I also remember thinking that, even as an adult, my ex-husband loved to cuddle with me. That so much of that little boy was still present in him. That, when we weren’t fighting, his head was in my lap, arms around my waist. That, when we weren’t fighting, he was never far from me. That, when we weren’t fighting, I thought, “I love you so much that I could crawl into your skin.” That, when we weren’t fighting, I thought, “Never be further than this from me.”

But when we were fighting, I thought, “Please, god, just leave me alone.” 

No one should ever have to be afraid of someone they love.

My son’s father is an angry man who wages war inside of himself with that vulnerable boy who wanted to be wrapped in someone’s arms. My son’s father has let the angry man win the war.

My son does not have to lose that war. My son does not have to become an angry man.

My son asks me, “Where do you think my dad’s temper came from?”

And I don’t know how to answer this question. I have spent so much time trying to identify a singular instance that would have caused his rage. I spent many years of marriage thinking that I was the cause. I have since posited that the cause was his parents (neither of whom are abusive from what I can tell). I have posited that the cause was his culture. I have posited that the cause was his career frustration.

The truth is that we, my son and I, can never know where the anger comes from. It is so tempting to want to pinpoint a cause because maybe then, we could fix it, but there are too many causes. My son’s father’s rage is a rhizome, It grows continuously outward. It sprouts new shoots and roots at intervals. It is impossible to identify the first root.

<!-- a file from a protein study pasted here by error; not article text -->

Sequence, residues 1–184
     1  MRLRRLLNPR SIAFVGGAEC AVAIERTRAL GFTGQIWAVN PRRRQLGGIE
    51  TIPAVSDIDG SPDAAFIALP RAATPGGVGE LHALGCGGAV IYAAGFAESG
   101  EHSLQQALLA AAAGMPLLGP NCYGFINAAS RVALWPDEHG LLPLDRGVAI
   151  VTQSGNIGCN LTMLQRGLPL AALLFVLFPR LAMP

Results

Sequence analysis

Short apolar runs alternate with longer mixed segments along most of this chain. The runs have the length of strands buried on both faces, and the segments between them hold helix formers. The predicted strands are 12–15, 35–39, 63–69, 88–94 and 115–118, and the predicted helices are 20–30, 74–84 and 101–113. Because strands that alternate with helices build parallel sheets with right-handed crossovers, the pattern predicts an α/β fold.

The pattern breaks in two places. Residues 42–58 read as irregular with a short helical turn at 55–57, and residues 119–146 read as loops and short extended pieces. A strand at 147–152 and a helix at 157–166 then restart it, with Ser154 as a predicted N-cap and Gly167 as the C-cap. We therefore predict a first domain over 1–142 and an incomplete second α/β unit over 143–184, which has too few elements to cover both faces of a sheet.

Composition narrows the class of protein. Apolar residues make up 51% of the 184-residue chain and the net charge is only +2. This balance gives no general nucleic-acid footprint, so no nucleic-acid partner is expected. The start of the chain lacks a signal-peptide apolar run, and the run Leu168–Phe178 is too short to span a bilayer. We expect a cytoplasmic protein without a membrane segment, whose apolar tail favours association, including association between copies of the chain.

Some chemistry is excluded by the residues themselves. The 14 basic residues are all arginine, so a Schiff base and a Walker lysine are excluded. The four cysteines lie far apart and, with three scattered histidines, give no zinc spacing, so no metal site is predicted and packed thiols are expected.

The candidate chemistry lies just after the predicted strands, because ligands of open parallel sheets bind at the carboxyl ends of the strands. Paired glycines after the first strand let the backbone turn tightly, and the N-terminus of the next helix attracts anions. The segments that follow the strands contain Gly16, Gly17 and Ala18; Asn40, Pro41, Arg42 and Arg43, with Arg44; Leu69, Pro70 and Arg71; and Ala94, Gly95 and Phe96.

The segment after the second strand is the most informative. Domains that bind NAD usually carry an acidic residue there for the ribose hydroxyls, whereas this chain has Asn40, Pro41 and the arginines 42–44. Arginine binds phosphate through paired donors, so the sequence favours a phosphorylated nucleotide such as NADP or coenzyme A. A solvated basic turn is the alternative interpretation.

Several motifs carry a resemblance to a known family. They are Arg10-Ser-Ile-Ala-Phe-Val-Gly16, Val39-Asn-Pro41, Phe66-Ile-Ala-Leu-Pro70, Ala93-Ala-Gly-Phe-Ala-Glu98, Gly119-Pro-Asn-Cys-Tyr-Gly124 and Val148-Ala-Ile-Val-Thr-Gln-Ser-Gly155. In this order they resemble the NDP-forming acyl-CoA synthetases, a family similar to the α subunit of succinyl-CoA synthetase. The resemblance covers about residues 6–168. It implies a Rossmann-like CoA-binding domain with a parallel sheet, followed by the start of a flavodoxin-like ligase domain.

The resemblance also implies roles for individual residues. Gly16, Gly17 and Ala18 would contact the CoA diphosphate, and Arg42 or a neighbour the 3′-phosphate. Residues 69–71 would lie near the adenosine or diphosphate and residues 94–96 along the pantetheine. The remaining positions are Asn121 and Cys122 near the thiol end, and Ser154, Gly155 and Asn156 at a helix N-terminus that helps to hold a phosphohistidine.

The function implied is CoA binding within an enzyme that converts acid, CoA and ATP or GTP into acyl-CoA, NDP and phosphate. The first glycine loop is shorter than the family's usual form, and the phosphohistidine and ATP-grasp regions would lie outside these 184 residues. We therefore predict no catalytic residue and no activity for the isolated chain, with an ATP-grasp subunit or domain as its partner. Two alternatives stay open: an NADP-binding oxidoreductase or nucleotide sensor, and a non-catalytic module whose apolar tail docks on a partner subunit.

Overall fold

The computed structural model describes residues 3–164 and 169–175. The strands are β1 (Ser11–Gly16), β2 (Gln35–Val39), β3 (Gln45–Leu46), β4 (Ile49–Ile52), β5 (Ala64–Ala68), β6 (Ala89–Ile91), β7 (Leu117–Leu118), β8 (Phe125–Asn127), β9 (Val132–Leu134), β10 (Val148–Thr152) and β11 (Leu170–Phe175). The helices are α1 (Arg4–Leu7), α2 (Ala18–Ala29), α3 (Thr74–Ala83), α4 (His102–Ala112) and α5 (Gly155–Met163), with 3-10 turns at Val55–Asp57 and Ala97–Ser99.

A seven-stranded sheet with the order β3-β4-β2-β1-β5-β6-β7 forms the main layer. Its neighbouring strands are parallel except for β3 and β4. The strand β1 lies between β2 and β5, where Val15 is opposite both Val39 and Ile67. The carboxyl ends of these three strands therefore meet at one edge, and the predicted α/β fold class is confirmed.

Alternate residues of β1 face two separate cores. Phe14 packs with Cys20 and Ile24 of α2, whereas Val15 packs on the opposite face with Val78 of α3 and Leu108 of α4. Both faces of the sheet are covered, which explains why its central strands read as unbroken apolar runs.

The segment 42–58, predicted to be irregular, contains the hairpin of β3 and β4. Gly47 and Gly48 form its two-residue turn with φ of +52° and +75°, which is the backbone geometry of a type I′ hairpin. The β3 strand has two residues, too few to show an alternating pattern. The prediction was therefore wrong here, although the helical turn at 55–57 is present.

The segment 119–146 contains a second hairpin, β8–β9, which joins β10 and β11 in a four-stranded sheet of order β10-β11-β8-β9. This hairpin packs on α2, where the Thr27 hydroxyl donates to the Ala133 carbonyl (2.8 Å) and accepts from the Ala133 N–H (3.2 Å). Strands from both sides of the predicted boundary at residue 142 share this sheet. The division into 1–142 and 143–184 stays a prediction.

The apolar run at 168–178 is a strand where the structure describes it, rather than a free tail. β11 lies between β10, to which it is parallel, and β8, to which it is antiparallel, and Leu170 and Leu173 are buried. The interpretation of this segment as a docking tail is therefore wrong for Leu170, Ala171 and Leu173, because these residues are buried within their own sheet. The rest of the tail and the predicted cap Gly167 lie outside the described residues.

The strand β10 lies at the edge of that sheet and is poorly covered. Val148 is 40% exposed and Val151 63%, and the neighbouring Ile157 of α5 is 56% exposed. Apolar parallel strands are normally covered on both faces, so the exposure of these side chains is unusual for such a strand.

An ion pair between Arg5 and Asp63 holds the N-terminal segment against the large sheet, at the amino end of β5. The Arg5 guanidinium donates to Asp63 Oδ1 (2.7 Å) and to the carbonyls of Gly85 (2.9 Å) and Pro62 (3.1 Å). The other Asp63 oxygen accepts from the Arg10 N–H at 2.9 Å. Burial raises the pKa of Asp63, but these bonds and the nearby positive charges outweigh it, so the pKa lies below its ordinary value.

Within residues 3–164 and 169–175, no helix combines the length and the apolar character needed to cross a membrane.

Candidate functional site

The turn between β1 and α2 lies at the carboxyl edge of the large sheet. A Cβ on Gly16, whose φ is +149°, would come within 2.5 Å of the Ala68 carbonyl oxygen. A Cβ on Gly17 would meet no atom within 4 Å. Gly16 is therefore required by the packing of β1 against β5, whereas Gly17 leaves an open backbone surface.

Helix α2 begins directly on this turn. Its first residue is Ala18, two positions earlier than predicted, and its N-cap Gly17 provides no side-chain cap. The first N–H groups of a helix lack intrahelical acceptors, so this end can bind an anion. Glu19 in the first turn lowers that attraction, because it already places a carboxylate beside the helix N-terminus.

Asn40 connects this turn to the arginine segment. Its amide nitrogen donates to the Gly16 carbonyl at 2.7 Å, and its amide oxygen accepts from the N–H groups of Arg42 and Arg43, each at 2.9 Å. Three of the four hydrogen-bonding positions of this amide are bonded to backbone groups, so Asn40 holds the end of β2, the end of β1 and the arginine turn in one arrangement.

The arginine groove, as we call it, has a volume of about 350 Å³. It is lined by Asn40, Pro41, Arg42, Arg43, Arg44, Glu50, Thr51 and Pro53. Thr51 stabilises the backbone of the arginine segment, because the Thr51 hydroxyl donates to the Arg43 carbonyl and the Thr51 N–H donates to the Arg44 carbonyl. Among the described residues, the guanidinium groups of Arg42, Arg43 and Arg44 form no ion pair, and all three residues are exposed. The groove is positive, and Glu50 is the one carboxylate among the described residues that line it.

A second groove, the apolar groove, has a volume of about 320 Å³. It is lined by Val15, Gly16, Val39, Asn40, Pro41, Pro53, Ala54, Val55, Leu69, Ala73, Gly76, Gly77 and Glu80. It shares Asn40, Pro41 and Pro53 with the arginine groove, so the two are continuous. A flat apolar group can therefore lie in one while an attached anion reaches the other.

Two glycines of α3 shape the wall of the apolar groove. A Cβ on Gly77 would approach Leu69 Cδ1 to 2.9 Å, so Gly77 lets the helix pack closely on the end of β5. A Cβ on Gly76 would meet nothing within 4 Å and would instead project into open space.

I am not the root, and my son is not the root.

For the years that I was married to my son’s father, my own anger threatened to consume me whole. Since leaving him, my close friends and family members have reminded me of the person I was before I met him. They have reminded me that I am someone worthy of love, that I am someone who can raise my child in a calm home, that I am someone undeserving of what happened to me.

My son doesn’t have a life before his father. He will never get those reminders. 

So, I give him these reminders instead. I tell him, “You are worthy of love. You can live in a calm home. I know this because you live in one with me. You are undeserving of what is happening to you.”

I say to him, “Do you want me to talk to your father about the yelling?”

And my son says, “No, because then he would just yell at you. I think the only thing I can do is learn to take it.” 

I don’t know what to say then because there is truth to what he says, so I simply say, “I’m sorry, honey.”

He sniffles in the dark backseat.

And when we get home, I hug him in the hallway, and I say, “I want you to know that your father’s anger is not your fault, and you do not deserve it.”  And his little boy’s body eases into my chest, and he lets me hold him for a long time.

And the entire time that I am holding him, I am thinking, Just collapse yourself into my love, and don’t think of anything else. Just think of this: Think of how worthy you are. Think of how loved you are. 

Think of how you are not your father. 
Think of how your father is not your destiny.